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25 June, 2024
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EU's passage of migration pact shrouded in controversy

Tension, protests, and high stakes. Inside the historic vote that could shape Europe's future


A "Historic" moment for Europe, as the Migration and Asylum Pact was approved by the plenary session of the European Parliament a few hours ago.

The vote was close, with Members of the European Parliament expressing concerns that some of the legislation would not be passed, leading to a potential "domino effect." Some even admitted to voting with a "heavy heart," recognizing that another opportunity for a comprehensive solution to migration issues within the EU may not present itself soon.

At one point, the plenary session was interrupted by protests from activists in the parliament gallery, shouting "This pact kills, do not vote," while earlier, a nearly three-hour debate unfolded, preceding the vote.

The discussion among MEPs featured the presence of the architects of the Pact, Vice-President of the Commission Margaritis Schinas and Commissioner Ylva Johansson. Both emphasized the necessity of approving the Pact, with Schinas cautioning that "rejecting the package is rejecting the Europe of solutions" and expressing honor at being "present" throughout the historic process from the outset. Johansson likened the vote to a football match, urging MEPs that "you can't stay in the locker room. It's up to us to score for Europe."

"This pact kills, do not vote"

On the other hand, the majority of rapporteurs (from the European People's Party, Socialists and Democrats, and Renew Europe) acknowledged the criticism leveled by MEPs, particularly from the Left and Greens, regarding the text of the Pact. However, they underscored that another opportunity for a comprehensive approach to migration issues may not arise soon, considering the eight years of continuous negotiations and ad hoc solutions implemented during crises. With concerns about further strengthening of the far-right in the upcoming European elections, many emphasized the necessity of approving the Pact, as it provides a European-wide solution for the first time and builds trust among member states and between the EU and its citizens.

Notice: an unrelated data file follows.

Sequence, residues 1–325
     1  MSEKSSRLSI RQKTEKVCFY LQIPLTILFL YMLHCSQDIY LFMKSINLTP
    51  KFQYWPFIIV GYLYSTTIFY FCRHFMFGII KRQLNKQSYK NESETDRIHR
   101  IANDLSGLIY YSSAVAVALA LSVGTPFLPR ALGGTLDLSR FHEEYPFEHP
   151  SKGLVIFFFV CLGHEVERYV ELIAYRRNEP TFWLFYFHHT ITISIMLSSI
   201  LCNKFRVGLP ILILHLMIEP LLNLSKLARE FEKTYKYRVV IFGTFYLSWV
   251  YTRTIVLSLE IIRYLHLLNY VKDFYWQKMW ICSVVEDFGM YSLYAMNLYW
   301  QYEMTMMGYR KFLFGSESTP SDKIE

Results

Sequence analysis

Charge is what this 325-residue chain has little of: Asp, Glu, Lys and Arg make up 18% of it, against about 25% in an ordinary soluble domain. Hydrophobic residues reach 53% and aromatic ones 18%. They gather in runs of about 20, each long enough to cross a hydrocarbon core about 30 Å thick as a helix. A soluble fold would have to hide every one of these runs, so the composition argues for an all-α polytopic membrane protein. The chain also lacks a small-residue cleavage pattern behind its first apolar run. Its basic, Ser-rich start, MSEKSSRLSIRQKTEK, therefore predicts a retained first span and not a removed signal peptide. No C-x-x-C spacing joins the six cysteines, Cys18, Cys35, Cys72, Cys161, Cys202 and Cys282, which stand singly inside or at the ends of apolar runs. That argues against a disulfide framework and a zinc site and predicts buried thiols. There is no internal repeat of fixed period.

Referring to the crises and the disproportionate "burden" borne by reception countries in recent years such as Greece, Italy, and Spain, MEPs from the three largest political groups mentioned the "solidarity mechanism" incorporated for the first time, as well as ensuring European law and the rights of asylum seekers through a common European asylum procedure, as well as effective control of common European borders.

The reform was first presented by the Commission in September 2020 and went through various phases until the Parliament and the Council reached an agreement in principle last December.

Cyprus  |  Europe  |  migration

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